Amidst the plethora of musk fragrances on the market, some stand out as being individual and bearing their own signature. Decades before Serge Lutens came up with the beastly cajole of Muscs Kublaï Khan, the old New York pharmacy of Kiehl's had broken down that bastion with their Musk fragrance. Its voluminous, expanding earthiness will give you a jolt, searching for that hippy relic sitting some pegs below at the cinema or the theatre (or even the amphiteatre, but let's not go there now). The essence of a seriously funky persona which might have been travelling back from an ashram in India or some Goa hot-spot du jour! Alongside personal enlightenment in the 1960s, there came the musks and the patchoulis essences which characterised a whole generation. And it seems Kiehl's was intent on the pulse despite being founded as far back as 1851.
The archived date for the introduction of Kiehl's Original Musk is given as 1963. However, the company likes to hint with their Musk 1921 oil in the Essences collection (the "essences" are oils on which are thematically based the Eaux de toilette) that the recipe goes far back, since their pharmacopoia dates to several decades before. But here's the catch: It couldn't have. And the reason is one of science & history coherence. Simply put, the musks contained in the formula did not exist before WWII! Even though naturally derived macrocyclic musks like Muscone and Exaltolide existed before that date, their price was very high (Muscone's still is) and there could never enter the formula of a "drugstore" perfume. Therefore, the now banned nitromusks were the appropriate choice for those purposes. And this gives rise to another point, which explains the prevalence of so many "musk oils" in the market (certainly so in the 1960s and 1970s), especially at the very low end of the deal, such as Bonne Belle Skin Musk and Jovan Musk oil: These musky ingredients were almost insoluble in alcohol, rendering an alcoholic version of a fragrance very difficult. This also answers my own question, in regards to why some musk fragrances circulating today have a moniker of "musk oil" on their brand name, even though they're in alcoholic form, like the wonderfully rich Jean Louis Gady Musk Oil Eau de Toilette or the drugstore cheapie beautie Gosh Musk Oil No.6. The answer is, they are probably referring to a prior oil-based formula and have substituted the -now banned- nitromusks with an alcohol-diffusing musk component or two (after all, the polycyclics Transeolide, Celestolide and Galaxolide are very, very popular in the modern fragrance industry, as attested by our article on the subject linked)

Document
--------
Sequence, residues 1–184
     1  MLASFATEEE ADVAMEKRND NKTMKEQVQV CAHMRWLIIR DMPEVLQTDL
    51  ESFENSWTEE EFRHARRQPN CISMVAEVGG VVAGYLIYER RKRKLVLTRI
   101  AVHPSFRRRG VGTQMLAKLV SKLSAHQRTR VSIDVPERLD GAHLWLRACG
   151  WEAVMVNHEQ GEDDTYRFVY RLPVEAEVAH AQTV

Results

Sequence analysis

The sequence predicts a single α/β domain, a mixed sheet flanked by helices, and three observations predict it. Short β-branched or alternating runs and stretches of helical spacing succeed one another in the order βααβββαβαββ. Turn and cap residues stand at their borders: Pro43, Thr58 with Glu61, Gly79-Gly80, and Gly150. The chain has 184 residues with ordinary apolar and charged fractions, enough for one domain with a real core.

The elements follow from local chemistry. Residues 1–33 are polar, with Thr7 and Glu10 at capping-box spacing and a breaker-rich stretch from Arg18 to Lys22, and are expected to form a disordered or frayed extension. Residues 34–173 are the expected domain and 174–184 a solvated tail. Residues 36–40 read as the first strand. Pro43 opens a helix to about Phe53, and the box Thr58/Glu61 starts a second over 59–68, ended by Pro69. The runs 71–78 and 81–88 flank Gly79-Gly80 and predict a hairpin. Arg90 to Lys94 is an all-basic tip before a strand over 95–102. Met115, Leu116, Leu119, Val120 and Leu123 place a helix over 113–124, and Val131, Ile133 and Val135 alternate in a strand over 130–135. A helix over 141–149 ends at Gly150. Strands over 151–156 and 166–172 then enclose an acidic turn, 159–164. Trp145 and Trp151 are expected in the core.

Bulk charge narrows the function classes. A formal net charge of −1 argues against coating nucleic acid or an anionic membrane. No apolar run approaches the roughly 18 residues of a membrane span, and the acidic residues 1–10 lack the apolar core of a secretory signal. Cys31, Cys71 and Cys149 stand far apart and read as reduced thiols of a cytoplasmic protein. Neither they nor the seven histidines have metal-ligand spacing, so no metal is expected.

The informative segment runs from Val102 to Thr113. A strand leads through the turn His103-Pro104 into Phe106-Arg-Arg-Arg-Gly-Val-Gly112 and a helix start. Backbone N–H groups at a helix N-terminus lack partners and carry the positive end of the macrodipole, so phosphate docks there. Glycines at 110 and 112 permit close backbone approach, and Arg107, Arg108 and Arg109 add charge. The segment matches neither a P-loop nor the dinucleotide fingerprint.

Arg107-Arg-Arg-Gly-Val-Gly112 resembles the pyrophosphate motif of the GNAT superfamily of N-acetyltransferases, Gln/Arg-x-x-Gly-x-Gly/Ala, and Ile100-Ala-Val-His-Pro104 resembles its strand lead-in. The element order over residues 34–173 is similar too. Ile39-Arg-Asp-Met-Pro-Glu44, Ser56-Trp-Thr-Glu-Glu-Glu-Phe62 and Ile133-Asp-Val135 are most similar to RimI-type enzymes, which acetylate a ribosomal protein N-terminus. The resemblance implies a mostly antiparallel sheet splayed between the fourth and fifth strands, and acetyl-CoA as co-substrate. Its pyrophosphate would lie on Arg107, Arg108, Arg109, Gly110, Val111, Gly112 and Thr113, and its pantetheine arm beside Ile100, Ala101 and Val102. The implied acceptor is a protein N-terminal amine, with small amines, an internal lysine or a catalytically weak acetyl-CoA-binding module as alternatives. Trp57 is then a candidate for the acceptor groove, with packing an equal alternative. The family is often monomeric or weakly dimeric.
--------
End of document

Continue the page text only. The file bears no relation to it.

Smellwise, Kiehl's Musk 1921 (and to a lesser degree the alcoholic Eau de Toilette Original Musk) is indeed close to Muscs Kublaï Khan, albeit a bit rawer and with a muted, hoarse voice instead of the baritone refinement of the Lutens. Compared to another musk fragrance with a certain reputation, Musc Ravageur by Maurice Roucel for F.Malle, it lacks the sweet spice and is a more to the point musk which can be worn by either sex. At the very start, there is also a similarity of Kiehl's Musk with Kouros by Yves Saint Laurent, which fades later on. The beatific darkness is peeking beneath the floral notes and reveals in fine print what the headlines try to conceal: Here is a living, emoting, squirting human being who hasn't really washed well for a while. If you're not absolutely fanatical about sterilisation, you might get the point in the above.
Notes for Kiehl's Original Musk:
Top: Bergamot nectar, orange blossom
Heart: Rose, lily, ylang ylang, neroli
Base: Tonka bean, white patchouli, musk.
Kiehl's now circulates an alcoholic Eau de Toilette Blend No.1 version of their Musk -apart from their famous oil Musk 1921-, which is tamer (probably due to the exclusion of nitromusks), less skanky and somewhat close to White Musk for Men which The Body Shop introduced a couple of seasons ago. It retails for 39$ for 1.7oz. on the site.
The current ownership by L'Oreal probably means that the cosmetic concerns overshadow any potential adherence to old formulae even more pressingly.
Related reading on Perfume Shrine: The Musk Series (ingredients & cultural history), Scented Musketeers: Musk fragrances reviews.
Photo by Robert Mapplethorpe, Thomas Williams 1987 via cegur.com.